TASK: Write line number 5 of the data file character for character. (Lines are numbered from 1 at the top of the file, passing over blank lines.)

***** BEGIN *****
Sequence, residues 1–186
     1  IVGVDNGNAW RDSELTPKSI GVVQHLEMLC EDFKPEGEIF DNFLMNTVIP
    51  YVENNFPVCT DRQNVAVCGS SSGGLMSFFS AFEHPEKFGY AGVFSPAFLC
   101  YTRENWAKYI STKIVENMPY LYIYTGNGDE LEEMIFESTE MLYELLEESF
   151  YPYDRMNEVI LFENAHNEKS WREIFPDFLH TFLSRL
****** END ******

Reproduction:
   151  YPYDRMNEVI LFENAHNEKS WREIFPDFLH TFLSRL